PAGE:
Order of Premontre, Premonstratensians, Norbertines, and White Canons

R. D. Richard Mulroy, O. Praem.

Mulroy
Birth: November 3, 1915

Death: January 1, 2001

House: St. Norbert Abbey

Our brother Richard Mulroy was born in New London, Wisconsin in 1915, joined the Order in 1934, and was solemnly professed in 1939.  Known for his clever clichés and quick wit, he received a Master’s Degree from Marquette University in 1950 and then taught at St. Norbert, Central and Premontre High Schools, at the latter of which he was principal and house superior.

As house superior, Richard always insisted on putting the first 1000 miles on a new car to assure that it was broken in properly. His personal car was always housed in first stall of the garage; however, this would not work when he had to break in a new car. Hence, his announcement to the community: “Car 1 will be parked in stall 4, and car 4 will be parked in stall 3, and car 3 in stall 2, until the new car is properly broken in.” And with that he opened the garage door and backed out with the driver’s door open, thereby ripping off the door!

In 1959, as Secretary of the National Catholic Education Association in Washington, D.C., he served as coordinator of more than 2000 high schools across the country. In 1962 he was appointed Master of Professed and Director of Studies at the abbey and in 1964, founded Holy Spirit House of Studies in Chicago, where he served as superior.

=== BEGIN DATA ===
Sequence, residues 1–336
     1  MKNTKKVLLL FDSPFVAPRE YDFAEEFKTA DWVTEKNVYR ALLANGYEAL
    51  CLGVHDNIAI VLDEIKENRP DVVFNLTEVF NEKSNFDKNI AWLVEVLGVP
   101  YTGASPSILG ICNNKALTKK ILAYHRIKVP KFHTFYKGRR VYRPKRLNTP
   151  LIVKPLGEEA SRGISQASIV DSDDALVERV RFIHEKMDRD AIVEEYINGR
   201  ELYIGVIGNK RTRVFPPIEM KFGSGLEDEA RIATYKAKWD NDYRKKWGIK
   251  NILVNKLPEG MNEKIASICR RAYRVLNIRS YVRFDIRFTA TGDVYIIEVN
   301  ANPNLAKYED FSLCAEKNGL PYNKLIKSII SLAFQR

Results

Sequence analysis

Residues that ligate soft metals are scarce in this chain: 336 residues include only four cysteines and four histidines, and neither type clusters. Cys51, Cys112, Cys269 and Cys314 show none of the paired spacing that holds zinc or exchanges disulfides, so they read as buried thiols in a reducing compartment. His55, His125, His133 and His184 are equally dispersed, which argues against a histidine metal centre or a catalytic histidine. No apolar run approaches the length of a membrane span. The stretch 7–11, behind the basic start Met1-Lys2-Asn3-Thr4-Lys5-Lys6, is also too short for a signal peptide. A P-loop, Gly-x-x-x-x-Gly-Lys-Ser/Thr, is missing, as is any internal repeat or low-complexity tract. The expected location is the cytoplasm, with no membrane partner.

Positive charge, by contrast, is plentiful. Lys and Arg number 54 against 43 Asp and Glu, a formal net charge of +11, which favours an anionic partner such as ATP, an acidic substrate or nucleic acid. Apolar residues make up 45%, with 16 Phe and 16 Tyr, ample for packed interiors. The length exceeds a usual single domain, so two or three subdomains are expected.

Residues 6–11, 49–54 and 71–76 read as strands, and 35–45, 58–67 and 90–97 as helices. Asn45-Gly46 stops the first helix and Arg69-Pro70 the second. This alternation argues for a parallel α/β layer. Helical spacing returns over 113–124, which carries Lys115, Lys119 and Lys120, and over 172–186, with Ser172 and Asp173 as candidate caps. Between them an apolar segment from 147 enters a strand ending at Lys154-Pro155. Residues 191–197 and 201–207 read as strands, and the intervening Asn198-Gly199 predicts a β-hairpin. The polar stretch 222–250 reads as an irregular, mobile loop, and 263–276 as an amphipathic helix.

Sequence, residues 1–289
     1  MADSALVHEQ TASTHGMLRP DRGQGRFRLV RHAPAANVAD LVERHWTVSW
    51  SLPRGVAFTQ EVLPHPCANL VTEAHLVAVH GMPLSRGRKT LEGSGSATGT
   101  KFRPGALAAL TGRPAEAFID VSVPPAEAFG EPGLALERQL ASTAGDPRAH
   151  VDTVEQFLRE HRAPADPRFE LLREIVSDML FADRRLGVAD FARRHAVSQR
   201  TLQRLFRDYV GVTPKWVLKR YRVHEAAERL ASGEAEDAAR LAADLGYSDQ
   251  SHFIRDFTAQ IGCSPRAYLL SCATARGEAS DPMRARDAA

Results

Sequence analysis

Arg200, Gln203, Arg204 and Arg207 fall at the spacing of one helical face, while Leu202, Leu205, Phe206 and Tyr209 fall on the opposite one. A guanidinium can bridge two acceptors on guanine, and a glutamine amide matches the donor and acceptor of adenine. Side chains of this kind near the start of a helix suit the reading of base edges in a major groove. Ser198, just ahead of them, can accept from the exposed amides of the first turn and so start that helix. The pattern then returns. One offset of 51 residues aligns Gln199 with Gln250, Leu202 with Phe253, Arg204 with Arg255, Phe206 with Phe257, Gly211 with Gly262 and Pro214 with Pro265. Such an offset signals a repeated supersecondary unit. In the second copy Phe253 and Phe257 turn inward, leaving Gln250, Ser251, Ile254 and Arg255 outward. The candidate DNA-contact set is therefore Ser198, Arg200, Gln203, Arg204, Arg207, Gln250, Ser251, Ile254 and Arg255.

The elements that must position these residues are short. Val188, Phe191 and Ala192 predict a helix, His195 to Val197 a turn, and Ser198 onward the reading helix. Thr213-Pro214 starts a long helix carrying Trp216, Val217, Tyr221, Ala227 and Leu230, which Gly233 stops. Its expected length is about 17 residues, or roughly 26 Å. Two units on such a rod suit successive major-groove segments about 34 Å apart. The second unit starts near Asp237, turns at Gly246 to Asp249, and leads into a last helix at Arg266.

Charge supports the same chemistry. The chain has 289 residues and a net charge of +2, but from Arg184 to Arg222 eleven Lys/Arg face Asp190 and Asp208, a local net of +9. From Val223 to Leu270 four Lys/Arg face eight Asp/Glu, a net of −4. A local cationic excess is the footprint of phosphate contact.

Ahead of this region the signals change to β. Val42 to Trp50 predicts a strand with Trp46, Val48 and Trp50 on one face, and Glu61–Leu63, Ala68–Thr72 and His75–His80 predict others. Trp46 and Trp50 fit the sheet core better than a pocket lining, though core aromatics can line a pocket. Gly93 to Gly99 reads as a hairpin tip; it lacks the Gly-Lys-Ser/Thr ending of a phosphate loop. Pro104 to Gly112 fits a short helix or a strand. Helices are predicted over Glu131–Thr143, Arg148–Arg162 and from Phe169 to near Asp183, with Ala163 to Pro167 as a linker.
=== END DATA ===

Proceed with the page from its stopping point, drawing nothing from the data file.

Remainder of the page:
Whenever he did not agree with a confrere, he would say:  “Go to your room!” and then begin tapping his finger!

After language studies at Catholic University of Puerto Rico, Richard became a missionary in Lima, Peru, where he served for 19 years among the indigent and imprisoned. While there, he established a personal friendship with Mother Teresa of Calcutta and became Chaplain to the Missionaries of Charity in Lima; many letters in the archives attest to their friendship.

Despite a chronic heart condition, Richard volunteered as a founding member of Santa Maria de la Vid Priory in Albuquerque, N.M., and ministered to the Hispanic people there until his retirement to the abbey.  He continued his service to Hispanics at St. Willibrord in Green Bay , until his death at age 80 on Monday, New Year's Day 2001.  

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